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Saturday, 23 March 2013

The Meaning Behind Nursery Rhymes.

We have just been having a discussion about nursery rhymes and how they came about. After looking into it we have found a lot of what we thought is probably wrong.

It is commonly thought in England that the Nursery Rhyme 'Ring of Roses' relates to the plague of 1665.

Ring-a-ring o' roses, (It is thought that this relates to a rash that accompanied the black death)
A pocket full of posies, (People carried posies to ward of the plague)
A-tishoo! A-tishoo! (Sneezing or coughing was a symptom)
We all fall down. (and finally death)

This explanation to the rhyme didn't come until after the 2nd World war which leads scholars to believe this was not the original meaning of the song and more likely it was just a children's dancing game where the fall at the end was actually a curtsy.

Another common theory is that Oranges and Lemons relates to public executions. It is thought that it is more likely sung on festive days of the church when the bells were rung and that the final two lines were added on later.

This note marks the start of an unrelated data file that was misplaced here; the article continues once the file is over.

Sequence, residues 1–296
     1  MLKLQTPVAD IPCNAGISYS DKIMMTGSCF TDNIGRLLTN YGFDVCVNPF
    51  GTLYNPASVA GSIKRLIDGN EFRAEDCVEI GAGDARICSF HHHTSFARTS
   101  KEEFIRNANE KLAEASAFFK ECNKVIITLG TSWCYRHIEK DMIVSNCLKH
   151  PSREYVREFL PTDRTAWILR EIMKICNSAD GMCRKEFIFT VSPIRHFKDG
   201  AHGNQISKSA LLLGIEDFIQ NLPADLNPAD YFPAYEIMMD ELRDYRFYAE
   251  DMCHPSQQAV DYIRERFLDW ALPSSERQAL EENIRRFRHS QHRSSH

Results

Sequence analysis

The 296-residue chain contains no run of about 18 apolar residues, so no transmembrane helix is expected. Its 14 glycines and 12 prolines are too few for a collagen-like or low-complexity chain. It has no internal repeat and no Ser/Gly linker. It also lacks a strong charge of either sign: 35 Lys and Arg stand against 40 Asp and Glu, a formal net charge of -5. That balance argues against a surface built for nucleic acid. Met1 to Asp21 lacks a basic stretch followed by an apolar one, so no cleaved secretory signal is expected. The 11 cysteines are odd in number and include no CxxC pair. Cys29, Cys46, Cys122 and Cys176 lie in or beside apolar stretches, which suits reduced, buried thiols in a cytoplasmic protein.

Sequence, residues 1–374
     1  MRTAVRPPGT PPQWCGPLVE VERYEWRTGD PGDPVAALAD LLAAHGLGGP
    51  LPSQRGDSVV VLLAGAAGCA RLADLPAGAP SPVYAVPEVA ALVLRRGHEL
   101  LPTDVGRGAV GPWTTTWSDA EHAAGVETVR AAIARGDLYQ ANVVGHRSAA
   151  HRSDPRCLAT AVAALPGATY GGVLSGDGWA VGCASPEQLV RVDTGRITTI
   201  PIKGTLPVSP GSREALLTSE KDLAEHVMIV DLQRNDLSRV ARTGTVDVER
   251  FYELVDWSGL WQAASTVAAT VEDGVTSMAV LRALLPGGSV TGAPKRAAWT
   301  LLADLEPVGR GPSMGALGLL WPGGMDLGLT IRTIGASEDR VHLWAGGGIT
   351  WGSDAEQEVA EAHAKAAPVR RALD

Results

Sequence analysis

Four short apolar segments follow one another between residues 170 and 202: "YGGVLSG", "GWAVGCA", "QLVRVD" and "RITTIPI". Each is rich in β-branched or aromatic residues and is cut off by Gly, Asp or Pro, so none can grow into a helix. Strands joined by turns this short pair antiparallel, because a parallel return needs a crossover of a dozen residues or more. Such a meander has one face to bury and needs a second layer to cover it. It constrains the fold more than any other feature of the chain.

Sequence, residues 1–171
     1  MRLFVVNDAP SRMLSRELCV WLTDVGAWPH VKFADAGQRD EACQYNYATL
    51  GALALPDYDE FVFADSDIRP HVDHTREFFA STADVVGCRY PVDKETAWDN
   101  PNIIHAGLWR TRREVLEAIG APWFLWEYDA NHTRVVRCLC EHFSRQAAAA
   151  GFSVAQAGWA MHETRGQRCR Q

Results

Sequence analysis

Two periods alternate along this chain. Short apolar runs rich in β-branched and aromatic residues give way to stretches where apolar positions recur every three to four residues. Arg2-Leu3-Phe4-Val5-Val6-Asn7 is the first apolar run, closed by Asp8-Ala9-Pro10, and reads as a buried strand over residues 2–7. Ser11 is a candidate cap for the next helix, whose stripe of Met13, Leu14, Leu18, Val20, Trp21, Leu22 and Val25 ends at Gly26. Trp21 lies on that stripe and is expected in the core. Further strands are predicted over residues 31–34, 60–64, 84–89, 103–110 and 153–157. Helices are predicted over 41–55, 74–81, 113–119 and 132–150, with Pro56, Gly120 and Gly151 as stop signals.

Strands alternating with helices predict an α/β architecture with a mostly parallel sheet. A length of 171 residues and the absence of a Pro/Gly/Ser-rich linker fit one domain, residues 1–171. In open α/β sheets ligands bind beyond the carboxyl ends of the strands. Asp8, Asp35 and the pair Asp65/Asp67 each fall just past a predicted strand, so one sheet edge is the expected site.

One nursery rhyme that is hopefully straight forward is 'London Bridge is Falling Down' which we all believe is about the deterioration of London Bridge due to its age and the great fire of London in 1666. Although there are still other theories this is still the most likely explanation.

The nursery rhyme Baa Baa Black Sheep is said to refer to a Wool Tax in 1275 that saw a large percentage of the profit in going to the king (The master).

What ever the original meaning behind nursery rhymes there is something comforting in the tradition of singing them and passing them down from generation to generation. We continue to sing them to our babies or teach our children the actions or dances to accompany them. Steeped in history our heritage gets passed on through these simple rhymes.


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